Why would a debtor with no assets in the United States seek cooperation from a U.S. bankruptcy court in cross-border insolvency proceedings?
Investments in mortgage-backed debts carry reduced risk in light of the special protections afforded to collateralized claims. Second-lien investing, however, is subject to enhanced risk due to the greater likelihood of collateral value insufficiency.
One of the last places a hedge fund manager or client wants to be is on the business end of a lawsuit by a US bankruptcy trustee or DIP. Suits by the trustees of fraudulent or failed investment schemes and collapsed LBO deals to recover pre-bankruptcy payments as “fraudulent conveyances” or “preferences” continue to captivate media attention.
Recent fireworks between tech giants Apple and Samsung illustrate the intensity of modern battles over intellectual property rights. Even for companies whose business does not so obviously hinge on patent and trademark rights, however, an intellectual property license can be a small but vital lynchpin holding together the non-tech aspects of a company’s traditional manufacturing or other operations.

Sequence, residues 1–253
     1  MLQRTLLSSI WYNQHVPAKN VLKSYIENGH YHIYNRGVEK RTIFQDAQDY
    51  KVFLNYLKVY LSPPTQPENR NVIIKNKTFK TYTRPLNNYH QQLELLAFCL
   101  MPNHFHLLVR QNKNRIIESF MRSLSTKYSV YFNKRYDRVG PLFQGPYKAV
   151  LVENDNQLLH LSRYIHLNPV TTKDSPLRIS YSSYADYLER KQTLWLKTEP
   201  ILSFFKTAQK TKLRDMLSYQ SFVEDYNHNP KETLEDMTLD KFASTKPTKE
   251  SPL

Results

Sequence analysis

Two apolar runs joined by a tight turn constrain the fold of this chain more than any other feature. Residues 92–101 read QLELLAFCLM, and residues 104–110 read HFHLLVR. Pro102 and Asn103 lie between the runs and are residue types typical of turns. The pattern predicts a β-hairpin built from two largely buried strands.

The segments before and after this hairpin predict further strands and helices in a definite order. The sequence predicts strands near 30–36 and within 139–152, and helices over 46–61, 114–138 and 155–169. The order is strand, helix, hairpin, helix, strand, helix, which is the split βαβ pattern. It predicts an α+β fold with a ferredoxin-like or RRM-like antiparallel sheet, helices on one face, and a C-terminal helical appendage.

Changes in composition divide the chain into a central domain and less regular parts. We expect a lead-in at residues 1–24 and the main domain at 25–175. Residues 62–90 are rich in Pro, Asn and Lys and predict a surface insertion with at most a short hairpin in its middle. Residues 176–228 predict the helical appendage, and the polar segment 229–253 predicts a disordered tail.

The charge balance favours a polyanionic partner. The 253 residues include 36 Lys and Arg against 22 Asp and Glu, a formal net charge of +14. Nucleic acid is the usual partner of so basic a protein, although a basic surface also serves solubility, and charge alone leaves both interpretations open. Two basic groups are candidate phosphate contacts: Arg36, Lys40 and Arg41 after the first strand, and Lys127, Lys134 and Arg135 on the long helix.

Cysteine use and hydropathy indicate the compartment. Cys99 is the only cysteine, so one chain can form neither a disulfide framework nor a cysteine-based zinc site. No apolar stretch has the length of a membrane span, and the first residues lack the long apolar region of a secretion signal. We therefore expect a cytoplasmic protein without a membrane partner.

It is an abuse of process for a party to use an application to court based on an unpaid debt to attempt to liquidate or bankrupt a debtor in order to try to compel payment of a debt which is genuinely disputed.
Would delaying the request until some months after their appointment affect the outcome? Two different answers emerged from two authoritative sources at precisely the same time in mid-April 2013.